Can You Get More Space Or Speed From Your SSD?

Disable The Page File And Hibernation

Disable The Paging File

How to disable:

  • Right-click Computer
  • Select Properties
  • Select Advanced system settings
  • Select the Advanced tab and then the Performance radio button
  • Select the Change box under Virtual memory
  • Un-check Automatically manage paging file size for all drives
  • Select No paging file, and click the Set button
  • Select OK to allow and restart.

Per Wikipedia: "In computeroperating systems, paging is one of the memory-management schemes by which a computer can store and retrieve data from secondary storage for use in main memory. In the paging memory-management scheme, the operating system retrieves data from secondary storage in same-size blocks called pages. The main advantage of paging is that it allows the physical address space of a process to be non-contiguous. Before the time paging was used, systems had to fit whole programs into storage contiguously, which caused various storage and fragmentation problems."

You can disable the paging file to free up space that would have otherwise been set aside on your SSD by the operating system. But bear in mind this move isn't without risks. Should your system run out of physical memory, the fact that there is no virtual memory available to allocate means that subsequent crashes are quite likely. Really, this mostly makes sense if you have a ton of RAM and aren't worried about the potential for data loss should an application crater in the event your system exceed what is installed.

Disable Hibernation

Per Microsoft support, "The Hiberfil.sys hidden system file is located in the root folder of the drive where the operating system is installed. The Windows Kernel Power Manager reserves this file when you install Windows. The size of this file is approximately equal to how much random access memory (RAM) is installed on the computer." It follows, then, that disabling this feature returns as much storage capacity as you have installed RAM.

A desktop armed with an SSD doesn't stand to gain much performance-wise from leaving hibernation on. Simply powering down and booting back up will happen fast enough. If you're using a notebook, powering down and back up is also preferable to letting your machine drop to standby and continue draining battery power.

How to disable:

  • In the Start menu search box, type "cmd" without the quotes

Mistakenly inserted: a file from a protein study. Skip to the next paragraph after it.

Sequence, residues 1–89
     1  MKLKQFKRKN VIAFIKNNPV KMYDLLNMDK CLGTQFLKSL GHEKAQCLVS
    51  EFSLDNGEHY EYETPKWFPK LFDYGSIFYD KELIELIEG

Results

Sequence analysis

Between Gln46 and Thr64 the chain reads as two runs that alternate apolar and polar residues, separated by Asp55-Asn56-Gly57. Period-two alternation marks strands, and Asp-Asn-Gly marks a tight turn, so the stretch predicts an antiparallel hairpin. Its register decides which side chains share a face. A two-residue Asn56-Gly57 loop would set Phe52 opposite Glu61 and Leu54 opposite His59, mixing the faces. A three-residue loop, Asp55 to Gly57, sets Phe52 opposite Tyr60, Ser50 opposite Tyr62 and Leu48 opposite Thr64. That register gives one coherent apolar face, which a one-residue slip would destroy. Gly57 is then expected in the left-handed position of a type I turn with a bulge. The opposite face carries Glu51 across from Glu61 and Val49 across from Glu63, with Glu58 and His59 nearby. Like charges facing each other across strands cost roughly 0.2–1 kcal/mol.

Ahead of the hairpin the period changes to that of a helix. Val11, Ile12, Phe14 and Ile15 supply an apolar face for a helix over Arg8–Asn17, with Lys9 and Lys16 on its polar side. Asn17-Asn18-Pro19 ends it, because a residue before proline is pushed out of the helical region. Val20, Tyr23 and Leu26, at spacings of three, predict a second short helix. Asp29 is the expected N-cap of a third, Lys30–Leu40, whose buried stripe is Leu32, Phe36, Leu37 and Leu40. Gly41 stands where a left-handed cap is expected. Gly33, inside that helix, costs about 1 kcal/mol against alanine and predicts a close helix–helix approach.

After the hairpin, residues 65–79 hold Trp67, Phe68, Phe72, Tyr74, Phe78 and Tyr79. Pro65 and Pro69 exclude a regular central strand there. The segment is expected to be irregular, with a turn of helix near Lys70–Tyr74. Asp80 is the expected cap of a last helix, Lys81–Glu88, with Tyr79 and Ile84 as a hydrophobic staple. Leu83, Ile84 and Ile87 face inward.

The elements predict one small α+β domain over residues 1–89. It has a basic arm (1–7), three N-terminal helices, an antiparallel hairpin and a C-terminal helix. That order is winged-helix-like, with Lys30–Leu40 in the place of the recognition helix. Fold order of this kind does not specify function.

• Right-click the cmd program and select Run as Administrator
  • In the command line, type "powercfg -h off", again without the quotes
  • Once completed, the command prompt returns.

Hibernation was designed for for systems with conventional hard drives, allowing them to "wake back up" faster than a complete boot cycle would have otherwise allowed. Given the access times of SSDs, though, the feature offers little to no benefit. Meanwhile, that extra capacity is much more valuable.

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    Your comment
  • Indexing is not used to access files more quickly. It's used to find files more quickly in search. Disabling indexing will result in slower searching.

    Hibernation: Amount of space saved by turning this off is equivalent to the amount of RAM in your system. Not limited to 2GB.

    Also, hibernation has benefits over standby where hibernation will allow your system to return to a fully working state after removing power whereas standby requires power to still be supplied to your system. Laptops for example you'll want to hibernate to avoid discharging the battery while in sleep mode.
  • compton
    With system restore disabled, no swap file, and some of the additonal tweaks mentioned here, my two small capacity SSD's are running Win 7 effectively in a small footprint -- my 60GB Agility has 37GB free, while the X25-V in my laptop has over 20GB free. The best part is keeping lots of extra space help longevity, while the tweaks enhance performance while keeping my drives free of junk.

    Thanks for another excellent article -- I'm surprised I haven't seen an article on this subject that's as comprehensive. Toms to the rescue.
  • anttonij
    Thanks for another great article. I would love to see a part 2 of the article where you would explore the causes of the performance drop.
  • cangelini
    KWReidIndexing is not used to access files more quickly. It's used to find files more quickly in search. Disabling indexing will result in slower searching.Hibernation: Amount of space saved by turning this off is equivalent to the amount of RAM in your system. Not limited to 2GB.Also, hibernation has benefits over standby where hibernation will allow your system to return to a fully working state after removing power whereas standby requires power to still be supplied to your system. Laptops for example you'll want to hibernate to avoid discharging the battery while in sleep mode.

    Thanks for pointing both of these things out. You're absolutely correct about indexing.

    I've updated the story for the author to reflect hibernation as well. I added clarification re: desktops and notebooks, though I'd suggest powering down a notebook with an SSD is comparable to putting it into hibernation. I don't think anyone would recommend putting it into standby; as you mention, that continues to drain power.

    All the best!
  • damric
    Why are they testing last generation Sandforce and Intel SSD's?

    SSD's are changing faster than any other computer technology. The current generation SSD's are already twice as fast as the SSD's tested in this article. Tom's Hardware is being left behind in the dust with reviews like this.
  • HalfHuman
    the article is very useful.
    disabling system rstore is usually a good idea, sometimes it's better to just limit it's size form the 10% default value.
    swap disabling is not a good idea, as you said. i'd rather have the swap on a secondary, mechanical drive.